Flipside, which was created by a team that includes undergraduate computer science majors, a former Shark Tank winner, and the former editor in chief of the Maroon, uses a complex algorithm that assesses the political ideology and moral leanings of each user and then serves up stories that reflect opposite points of view. The algorithm, however, also tracks language and tone preferences to ensure that the stories it presents actually resonate with the user and, perhaps most importantly, avoid triggering the kind of emotional response that leads many to discount across-the-aisle perspectives.

“Our intuition was that people find it jarring to read something they don’t believe. But that’s not the case,” said Sidd Sachdeva, a third-year undergraduate with a major in statistics and minor in computer science who first developed the idea.

Rather, “when you read opposing viewpoints, if it is grounded in your same moral foundation, you’re more likely to engage with that material and to seek out other material that represents opposing viewpoints,” said Killingsworth, who earned his undergraduate degree in political science, psychology, and sociology at the University of Nebraska-Lincoln.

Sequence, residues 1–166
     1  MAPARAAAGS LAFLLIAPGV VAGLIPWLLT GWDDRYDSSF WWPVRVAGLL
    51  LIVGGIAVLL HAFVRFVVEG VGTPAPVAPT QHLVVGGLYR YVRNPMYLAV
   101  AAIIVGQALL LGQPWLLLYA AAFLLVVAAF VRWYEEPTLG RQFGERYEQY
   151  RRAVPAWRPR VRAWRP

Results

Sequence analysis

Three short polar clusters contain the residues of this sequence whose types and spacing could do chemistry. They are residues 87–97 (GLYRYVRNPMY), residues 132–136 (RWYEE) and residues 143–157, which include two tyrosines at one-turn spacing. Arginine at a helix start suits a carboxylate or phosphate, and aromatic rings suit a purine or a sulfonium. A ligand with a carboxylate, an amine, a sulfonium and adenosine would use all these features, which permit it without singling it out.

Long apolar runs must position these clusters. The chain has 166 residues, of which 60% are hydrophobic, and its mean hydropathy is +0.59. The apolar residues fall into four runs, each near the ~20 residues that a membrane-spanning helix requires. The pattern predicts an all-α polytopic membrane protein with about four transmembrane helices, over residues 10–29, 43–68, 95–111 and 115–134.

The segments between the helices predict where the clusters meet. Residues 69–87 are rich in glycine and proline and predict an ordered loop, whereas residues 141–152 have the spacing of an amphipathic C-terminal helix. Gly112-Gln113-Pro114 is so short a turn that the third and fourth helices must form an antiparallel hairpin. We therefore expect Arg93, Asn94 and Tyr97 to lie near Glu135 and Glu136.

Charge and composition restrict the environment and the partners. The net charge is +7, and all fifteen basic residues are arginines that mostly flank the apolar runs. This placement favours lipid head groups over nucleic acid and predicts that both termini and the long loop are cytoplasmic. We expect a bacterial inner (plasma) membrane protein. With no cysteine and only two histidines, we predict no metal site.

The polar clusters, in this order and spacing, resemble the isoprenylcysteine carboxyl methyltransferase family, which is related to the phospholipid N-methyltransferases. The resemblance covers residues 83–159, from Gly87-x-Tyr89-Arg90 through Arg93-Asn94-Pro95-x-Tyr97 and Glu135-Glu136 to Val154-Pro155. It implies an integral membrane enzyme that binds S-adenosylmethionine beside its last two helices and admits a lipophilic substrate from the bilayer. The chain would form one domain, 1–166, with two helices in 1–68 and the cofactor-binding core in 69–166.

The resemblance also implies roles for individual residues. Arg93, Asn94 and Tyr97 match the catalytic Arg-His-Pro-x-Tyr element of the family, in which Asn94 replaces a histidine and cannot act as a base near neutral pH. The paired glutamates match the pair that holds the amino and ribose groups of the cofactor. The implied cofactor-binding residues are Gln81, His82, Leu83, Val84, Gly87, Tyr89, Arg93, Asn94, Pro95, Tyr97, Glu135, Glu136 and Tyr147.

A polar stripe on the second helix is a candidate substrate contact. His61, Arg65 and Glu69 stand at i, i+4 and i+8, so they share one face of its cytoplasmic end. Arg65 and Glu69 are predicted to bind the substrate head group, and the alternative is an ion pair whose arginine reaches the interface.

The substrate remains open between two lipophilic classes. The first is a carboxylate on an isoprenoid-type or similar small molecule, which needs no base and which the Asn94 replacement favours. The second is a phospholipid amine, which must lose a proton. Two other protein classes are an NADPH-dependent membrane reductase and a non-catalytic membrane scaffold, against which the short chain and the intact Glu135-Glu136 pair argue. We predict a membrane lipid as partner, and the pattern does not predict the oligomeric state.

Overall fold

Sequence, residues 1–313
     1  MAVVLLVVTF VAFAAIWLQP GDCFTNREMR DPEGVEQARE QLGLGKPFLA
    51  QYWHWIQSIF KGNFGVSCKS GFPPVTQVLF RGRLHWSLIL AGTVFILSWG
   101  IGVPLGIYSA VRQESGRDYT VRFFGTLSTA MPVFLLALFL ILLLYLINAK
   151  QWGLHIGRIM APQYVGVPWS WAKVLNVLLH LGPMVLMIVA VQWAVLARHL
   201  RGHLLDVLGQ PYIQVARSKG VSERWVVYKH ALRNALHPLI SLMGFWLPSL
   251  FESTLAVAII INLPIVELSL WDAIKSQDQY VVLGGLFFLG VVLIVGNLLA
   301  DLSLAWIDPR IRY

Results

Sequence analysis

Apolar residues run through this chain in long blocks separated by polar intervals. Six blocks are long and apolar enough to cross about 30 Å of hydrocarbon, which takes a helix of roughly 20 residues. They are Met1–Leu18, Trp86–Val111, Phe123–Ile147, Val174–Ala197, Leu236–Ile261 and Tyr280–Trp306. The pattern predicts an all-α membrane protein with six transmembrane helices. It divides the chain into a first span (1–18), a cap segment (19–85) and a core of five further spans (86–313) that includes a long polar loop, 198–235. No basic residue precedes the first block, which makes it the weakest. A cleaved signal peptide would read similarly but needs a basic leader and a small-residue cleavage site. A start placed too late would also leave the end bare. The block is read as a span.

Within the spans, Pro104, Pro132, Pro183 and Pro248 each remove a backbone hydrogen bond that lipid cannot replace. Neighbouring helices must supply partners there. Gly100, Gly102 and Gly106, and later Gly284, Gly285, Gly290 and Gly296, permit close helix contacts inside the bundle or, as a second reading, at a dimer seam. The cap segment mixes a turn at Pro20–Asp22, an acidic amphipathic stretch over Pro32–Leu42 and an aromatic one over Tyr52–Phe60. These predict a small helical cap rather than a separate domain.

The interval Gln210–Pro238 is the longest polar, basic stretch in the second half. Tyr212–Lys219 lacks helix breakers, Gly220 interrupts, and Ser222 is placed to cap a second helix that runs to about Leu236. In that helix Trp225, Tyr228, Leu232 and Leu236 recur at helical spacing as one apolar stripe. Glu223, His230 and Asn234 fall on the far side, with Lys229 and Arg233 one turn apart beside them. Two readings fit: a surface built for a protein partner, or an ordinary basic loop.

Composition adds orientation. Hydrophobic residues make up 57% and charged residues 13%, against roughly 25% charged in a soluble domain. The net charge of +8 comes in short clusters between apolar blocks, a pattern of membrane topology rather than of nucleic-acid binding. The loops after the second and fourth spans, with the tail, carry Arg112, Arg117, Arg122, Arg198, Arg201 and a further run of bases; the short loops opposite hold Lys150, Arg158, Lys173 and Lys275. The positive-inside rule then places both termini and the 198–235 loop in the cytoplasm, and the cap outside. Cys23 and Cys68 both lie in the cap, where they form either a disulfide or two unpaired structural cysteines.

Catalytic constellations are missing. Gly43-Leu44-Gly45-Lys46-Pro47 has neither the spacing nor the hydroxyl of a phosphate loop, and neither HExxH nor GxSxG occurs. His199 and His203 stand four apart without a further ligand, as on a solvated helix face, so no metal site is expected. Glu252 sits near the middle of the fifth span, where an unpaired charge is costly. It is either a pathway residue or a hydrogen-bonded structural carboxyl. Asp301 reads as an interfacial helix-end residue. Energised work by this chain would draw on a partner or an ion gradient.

Using data collected from a “get-to-know-you” survey, as well as a user’s Facebook “likes” and other social media profile information, the app creates a palatable flipside for each of its users. The more they engage, the more the app learns about their leanings and preferences. And as the offerings get better, social science suggests that they’ll also become more open to the opposite perspective.